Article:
Teacher perspectives on tech…


Circle of viewpoints is a thinking routine that helps students consider different points of view. It might be used to consider diverse perspectives on a topic, to personalise text, to develop empathy or to open a discussion about a dilemma or moral issue.

The routine involves taking on the character of someone with a particular viewpoint, thinking about the issue from their perspective and asking a question they might ask. See the Project Zero website for details of how the routine is used.

I’d like to use this routine to consider and express teachers’ perspectives in relation to technology. I think it’s important to try and understand the different viewpoints, so that each group can receive the kind of support they need.

Group 1

We resist technology. We don’t get the point of spending ages logging into the computer and figuring out new tools, when we can achieve the same thing with a pen and paper. We think kids these days spend far too much time in front of a screen, whether it’s a TV or a computer.  This stops them from playing and from interacting with other human beings. We need to protect our kids, so it’s best not to have their work online in a public forum where unknown people could make inappropriate comments. We are really busy and don’t have time to experiment with new computer tools. Why do we need to change?

Group 2

We understand that the world has changed and we want to integrate technology, but we lack confidence. We don’t feel comfortable with technology yet and we are easily discouraged when things go wrong.  We don’t feel in control of the learning because we don’t feel in control of the technology. We are keen to try but we still need lots of support.  Sometimes we feel uncomfortable admitting that we need the support so it’s easier to do things in old ways. We come away from PD sessions feeling inspired and enthused, but then we lose motivation when we try to manage the technology on our own.   We sometimes feel intimidated by the people who seem to find technology easy to manage. How can we catch up and keep up?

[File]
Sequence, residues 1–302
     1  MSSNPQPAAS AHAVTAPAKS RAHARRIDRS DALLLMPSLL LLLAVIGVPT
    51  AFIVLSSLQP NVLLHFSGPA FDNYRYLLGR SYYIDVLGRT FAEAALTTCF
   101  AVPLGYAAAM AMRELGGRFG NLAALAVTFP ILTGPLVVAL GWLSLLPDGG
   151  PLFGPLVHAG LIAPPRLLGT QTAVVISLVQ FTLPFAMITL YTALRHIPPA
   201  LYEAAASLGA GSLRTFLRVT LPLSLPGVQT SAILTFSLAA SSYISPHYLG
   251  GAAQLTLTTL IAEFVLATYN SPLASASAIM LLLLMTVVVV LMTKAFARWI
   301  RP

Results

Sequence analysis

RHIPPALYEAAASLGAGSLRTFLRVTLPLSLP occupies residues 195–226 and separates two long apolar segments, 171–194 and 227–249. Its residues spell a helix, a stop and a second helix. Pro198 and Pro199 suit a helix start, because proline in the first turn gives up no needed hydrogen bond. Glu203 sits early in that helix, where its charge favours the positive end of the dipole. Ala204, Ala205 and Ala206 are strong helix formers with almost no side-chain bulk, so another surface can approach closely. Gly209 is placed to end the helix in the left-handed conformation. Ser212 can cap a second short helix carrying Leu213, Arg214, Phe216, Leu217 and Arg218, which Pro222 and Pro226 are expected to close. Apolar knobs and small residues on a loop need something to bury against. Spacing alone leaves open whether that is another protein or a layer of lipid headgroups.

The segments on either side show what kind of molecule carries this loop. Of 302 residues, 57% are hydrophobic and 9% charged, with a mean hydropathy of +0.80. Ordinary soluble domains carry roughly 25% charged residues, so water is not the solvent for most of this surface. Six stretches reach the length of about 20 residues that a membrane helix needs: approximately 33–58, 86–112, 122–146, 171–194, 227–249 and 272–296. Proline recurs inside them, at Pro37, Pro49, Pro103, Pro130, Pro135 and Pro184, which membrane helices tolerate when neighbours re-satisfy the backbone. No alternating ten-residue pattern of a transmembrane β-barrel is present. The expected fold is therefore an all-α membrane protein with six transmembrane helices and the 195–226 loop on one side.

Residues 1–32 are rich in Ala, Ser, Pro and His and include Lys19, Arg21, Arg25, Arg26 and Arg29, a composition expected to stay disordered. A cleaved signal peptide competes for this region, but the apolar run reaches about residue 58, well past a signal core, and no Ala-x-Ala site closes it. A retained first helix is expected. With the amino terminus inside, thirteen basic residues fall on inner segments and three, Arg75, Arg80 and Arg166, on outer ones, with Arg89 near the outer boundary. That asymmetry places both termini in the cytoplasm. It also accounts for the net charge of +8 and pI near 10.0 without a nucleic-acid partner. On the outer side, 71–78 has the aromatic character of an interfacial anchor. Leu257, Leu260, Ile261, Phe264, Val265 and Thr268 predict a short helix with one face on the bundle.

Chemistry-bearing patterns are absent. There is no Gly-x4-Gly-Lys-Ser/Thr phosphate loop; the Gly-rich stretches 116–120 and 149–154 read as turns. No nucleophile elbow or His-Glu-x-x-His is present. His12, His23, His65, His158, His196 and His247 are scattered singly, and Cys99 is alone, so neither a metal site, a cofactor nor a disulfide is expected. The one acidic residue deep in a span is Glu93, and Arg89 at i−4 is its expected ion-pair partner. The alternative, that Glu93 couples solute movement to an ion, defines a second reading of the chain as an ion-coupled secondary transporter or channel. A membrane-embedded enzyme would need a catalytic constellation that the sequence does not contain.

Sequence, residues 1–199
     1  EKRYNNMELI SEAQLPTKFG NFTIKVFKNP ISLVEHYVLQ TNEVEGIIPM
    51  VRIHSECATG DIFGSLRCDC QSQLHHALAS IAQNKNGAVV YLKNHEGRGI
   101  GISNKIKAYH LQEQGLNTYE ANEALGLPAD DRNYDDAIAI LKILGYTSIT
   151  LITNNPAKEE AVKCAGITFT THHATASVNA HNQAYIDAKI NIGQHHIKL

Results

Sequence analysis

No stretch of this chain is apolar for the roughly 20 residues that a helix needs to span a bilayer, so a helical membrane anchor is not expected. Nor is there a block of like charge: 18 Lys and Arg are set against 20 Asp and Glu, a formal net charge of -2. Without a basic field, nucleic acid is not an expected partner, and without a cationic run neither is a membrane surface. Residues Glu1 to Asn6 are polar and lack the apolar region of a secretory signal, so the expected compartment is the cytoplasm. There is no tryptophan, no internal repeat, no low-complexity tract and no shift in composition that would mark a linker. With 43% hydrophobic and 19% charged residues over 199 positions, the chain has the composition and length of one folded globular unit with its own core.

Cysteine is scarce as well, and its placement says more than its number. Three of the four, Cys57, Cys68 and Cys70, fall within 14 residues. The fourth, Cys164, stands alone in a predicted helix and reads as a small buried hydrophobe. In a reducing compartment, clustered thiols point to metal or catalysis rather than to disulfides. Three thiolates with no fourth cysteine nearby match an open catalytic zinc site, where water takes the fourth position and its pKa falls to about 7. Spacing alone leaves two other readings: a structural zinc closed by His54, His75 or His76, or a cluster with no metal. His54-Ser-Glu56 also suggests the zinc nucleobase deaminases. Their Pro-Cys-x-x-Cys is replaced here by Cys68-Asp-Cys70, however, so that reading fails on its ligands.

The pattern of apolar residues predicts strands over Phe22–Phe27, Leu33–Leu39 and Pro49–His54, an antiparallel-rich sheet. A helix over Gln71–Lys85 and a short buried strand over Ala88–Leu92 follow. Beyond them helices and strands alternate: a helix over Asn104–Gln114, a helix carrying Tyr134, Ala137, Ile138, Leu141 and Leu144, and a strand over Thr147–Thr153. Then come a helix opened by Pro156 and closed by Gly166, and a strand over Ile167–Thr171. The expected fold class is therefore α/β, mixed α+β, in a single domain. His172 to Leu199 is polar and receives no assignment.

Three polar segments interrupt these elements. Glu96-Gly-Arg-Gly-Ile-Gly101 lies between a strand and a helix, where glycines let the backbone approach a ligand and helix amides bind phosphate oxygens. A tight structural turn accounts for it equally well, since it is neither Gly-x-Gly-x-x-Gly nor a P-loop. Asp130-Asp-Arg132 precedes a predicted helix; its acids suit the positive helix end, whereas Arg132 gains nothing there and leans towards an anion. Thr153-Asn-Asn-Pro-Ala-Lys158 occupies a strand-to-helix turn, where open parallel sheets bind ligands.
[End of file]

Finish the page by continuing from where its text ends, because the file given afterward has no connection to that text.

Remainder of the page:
Group 3

We have adopted technology. We understand that the learning is what drives everything, but we are willing to try and integrate appropriate tech tools to enhance the learning. We feel comfortable enough to experiment with tools we haven’t used before and to get support when we need it. We don’t give up, even when things don’t go the way we planned. We are willing to hand over more control to the students. We want our students’ learning to be seen and commented on by an authentic audience. We want to flatten the classroom walls, bring in experts via skype, have our kids interact with people in other parts of the world. We are prepared to put in the time required to mastering new skills and exploring new tools. We realise that we will never ‘get there’, there will always be more to learn. How can we best engage our students and support their learning?

Which group are you in? If you’re here reading a blog, you probably aren’t in Group 1.  (Let’s try and encourage them).  If you’re in Group 2 and you’re reading this, take another step forward and write a comment!  Whichever group you are in, let’s recognise that we are all lifelong learners and just take one step forward at a time.